As I look at the picture above, I have knee envy of myself. How I would love to fold into a shoelace pose right now. I have had reasonably happy healthy knees for 24 years, I definitely didn't get any pain to warn me there was a real problem. But there were signs, the silent kind where we can just carry on and don't pay attention to because they are not loud enough. Well it got loud (in a very very poor teacher's dismount from Cobra pose) and here I am in knee-hab one week post surgery (yes I did a very good job of it) taking this opportunity to share all that I have on knees with anyone who cares to listen.
Perhaps it was a little noisy when I bent and straightened, when I sat cross-legged the right would sit for 4hrs without complaint, the left knee would feel stiff within half hour (symptom of fluid in the joint - Sukhasana Option 3 & 4 below always helped), there was a noticeable imbalance of tone between my inner & outer thigh muscles, and in the last week prior to the kneecap dislocating I happened to notice a definite outward pull of both my kneecaps when contracted. Now I am putting all my attention (finally) on getting my knees happy, and I am excited about it. I am on a knee-hab mission - Toe Stand Pose by NYE!
There doesn't have to be pain for your knee to be telling you something isn't right. Tightness in the joint, inability to fully flex when seated (usually indicates swelling, perhaps tissue damage), pressure at back of knee or behind knee cap, appearance of fluid or lax muscle tone in quad above or the inner thighs, noisy knees ...... they grind or clunk when you bend. They are all signs your knee would like some attention please. So good for you, you're reading this blog!
Lets face it, with any of the subtle symptoms listed above we know they are not going to improve in 10-20 yrs time if we ignore it, nor is it going to be easy to heal then either if it's got worse and a condition has developed. So, I invite you to come on a journey with me and give your knee some love now - and I guarantee in 20yrs you will be pleased you turned your attention to them, there is no doubt about that.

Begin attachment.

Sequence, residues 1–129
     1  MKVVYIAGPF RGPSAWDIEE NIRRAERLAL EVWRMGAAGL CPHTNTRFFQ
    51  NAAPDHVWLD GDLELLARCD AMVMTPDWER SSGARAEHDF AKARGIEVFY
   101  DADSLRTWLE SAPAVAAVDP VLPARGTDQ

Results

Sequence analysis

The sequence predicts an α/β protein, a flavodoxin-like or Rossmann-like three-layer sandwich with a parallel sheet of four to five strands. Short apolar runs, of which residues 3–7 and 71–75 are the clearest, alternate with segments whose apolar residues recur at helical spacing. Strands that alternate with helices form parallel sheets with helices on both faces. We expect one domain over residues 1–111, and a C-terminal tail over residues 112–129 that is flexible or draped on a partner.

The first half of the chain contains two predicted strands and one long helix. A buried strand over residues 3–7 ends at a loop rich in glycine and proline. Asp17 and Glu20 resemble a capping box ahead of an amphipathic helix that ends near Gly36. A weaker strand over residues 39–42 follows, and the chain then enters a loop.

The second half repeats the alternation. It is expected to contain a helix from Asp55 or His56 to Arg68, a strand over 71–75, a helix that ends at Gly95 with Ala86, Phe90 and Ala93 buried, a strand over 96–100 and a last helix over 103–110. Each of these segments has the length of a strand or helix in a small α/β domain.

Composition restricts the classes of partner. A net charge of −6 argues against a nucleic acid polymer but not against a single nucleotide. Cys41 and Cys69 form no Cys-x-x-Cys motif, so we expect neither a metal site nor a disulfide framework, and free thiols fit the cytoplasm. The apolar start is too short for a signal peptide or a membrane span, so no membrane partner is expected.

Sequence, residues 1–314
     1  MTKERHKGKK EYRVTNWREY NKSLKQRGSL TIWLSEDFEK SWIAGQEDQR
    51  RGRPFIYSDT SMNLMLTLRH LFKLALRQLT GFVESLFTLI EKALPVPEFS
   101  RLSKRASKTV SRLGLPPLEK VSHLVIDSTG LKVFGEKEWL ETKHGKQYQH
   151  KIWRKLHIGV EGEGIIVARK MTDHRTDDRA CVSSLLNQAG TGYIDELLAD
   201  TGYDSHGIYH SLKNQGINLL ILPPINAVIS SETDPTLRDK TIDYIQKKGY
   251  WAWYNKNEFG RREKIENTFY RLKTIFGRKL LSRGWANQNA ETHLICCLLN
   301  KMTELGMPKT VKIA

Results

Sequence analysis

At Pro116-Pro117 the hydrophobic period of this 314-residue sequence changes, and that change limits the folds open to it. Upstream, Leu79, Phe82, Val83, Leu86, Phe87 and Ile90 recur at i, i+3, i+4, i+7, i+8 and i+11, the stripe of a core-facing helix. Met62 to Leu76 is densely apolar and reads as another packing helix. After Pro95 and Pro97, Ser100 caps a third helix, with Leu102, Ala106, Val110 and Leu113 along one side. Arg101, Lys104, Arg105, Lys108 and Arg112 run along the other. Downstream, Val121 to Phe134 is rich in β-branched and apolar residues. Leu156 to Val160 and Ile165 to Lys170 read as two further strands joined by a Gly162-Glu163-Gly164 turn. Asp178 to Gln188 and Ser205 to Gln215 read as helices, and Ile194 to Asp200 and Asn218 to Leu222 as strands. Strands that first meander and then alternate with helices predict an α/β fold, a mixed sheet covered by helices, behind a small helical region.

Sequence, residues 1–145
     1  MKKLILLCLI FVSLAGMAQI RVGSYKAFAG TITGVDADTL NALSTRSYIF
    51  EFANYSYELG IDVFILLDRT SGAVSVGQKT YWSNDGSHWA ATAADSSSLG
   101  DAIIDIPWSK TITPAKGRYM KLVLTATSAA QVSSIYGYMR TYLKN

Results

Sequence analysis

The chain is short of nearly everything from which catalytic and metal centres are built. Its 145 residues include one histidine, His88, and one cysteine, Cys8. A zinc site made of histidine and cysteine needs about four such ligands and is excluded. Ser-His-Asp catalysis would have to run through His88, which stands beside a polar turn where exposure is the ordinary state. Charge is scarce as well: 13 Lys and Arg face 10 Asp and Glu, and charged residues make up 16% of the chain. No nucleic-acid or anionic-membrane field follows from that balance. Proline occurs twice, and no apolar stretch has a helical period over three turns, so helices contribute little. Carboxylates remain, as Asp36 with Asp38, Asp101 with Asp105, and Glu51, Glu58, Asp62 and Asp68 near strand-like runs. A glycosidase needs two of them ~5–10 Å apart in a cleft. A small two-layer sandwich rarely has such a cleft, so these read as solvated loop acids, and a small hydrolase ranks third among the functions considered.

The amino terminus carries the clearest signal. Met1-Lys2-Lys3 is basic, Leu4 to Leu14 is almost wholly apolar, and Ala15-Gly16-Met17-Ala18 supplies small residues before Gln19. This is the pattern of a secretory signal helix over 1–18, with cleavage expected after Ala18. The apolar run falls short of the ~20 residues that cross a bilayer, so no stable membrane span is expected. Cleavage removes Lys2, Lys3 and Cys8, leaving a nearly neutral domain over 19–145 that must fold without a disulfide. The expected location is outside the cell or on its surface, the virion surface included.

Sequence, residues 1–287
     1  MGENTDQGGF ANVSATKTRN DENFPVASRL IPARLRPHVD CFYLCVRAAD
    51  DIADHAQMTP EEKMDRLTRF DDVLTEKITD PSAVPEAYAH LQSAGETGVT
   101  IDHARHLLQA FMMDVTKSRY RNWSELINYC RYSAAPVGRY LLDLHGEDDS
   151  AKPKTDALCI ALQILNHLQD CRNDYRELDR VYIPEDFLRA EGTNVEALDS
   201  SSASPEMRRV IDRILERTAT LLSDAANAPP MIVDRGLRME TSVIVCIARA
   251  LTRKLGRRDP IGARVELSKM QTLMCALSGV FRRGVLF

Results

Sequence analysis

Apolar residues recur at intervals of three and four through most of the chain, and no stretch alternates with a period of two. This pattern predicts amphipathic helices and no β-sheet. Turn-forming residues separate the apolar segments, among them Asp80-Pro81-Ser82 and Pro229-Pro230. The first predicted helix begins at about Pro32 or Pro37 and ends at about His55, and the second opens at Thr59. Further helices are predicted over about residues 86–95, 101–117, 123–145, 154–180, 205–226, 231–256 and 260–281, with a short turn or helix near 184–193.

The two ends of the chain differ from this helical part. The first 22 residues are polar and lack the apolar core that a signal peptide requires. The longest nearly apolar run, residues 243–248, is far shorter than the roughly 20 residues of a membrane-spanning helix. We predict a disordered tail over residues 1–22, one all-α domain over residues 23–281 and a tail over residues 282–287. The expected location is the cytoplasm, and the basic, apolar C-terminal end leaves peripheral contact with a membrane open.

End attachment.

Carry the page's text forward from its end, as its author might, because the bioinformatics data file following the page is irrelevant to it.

If the condition is acute (there may or may not be pain), particularly if there's a lot of restriction, I highly recommend attending to it with a Practitioner to assist sorting out what the real problem is so the rehabilitation is perfect for you (Brooke Cranney (& Sam!) at DP Physio are my fave and I credit her with some of my exercises below, but also to her knowing exactly what to do and who could help me as soon as possible. She put me in the best surgeons hands immediately). Alternatively an Exercise Physiologist (Brent Collier at Peak Health is fantastic and will be coming in handy a little further down the track for me). Both these Practitioners specialise in targeting the source of the problem and creating balance, and not bandaid solutions like creams, pills, massaging nor the tips I have given below to modify (these are to 'make do', they may not be enough to resolve the issue if it is acute).
Truth be known, it usually isn't your knee joint that is the problem - a knee issue often develops because of the way you use your feet (in gait) and/or the balance of stability & mobility of the hip joint (the Glute Medius plays a huge role in knee joint alignment). Your posture also plays a role in wear and tear on the knee joint - ie. over hyperextending the knees (often includes a sway back posture (aka "pelvis against the kitchen sink stance") is common and over time can cause imbalance and instability in the knee, but also back conditions.
Tips to modify your Yoga practice if you have knees (click to view);
Daily Knee Lovin' Practices which will improve your knee stability, mobility and alignment;
As I am currently limited to 1 & 6 for the moment, these exercises will increase in intensity very soon - but the basics are so important, skip these and we will only compensate with our imbalanced habits for the big moves. Do not underestimate the power of these simple practices, I strongly believe if I had been doing these for even 3 months prior to May such a simple move (i.e. a badly manouvered floppy feet twisted half cobra left knee loaded dismount) may not have caused my injury.
Along the way there will be a lot of focus given to correct gait and use of feet, stability of the hip (esp. Gluteus Medius) exercises, knee alignment and correct loading - with much patience and persistence we will be toe standing by NYE!
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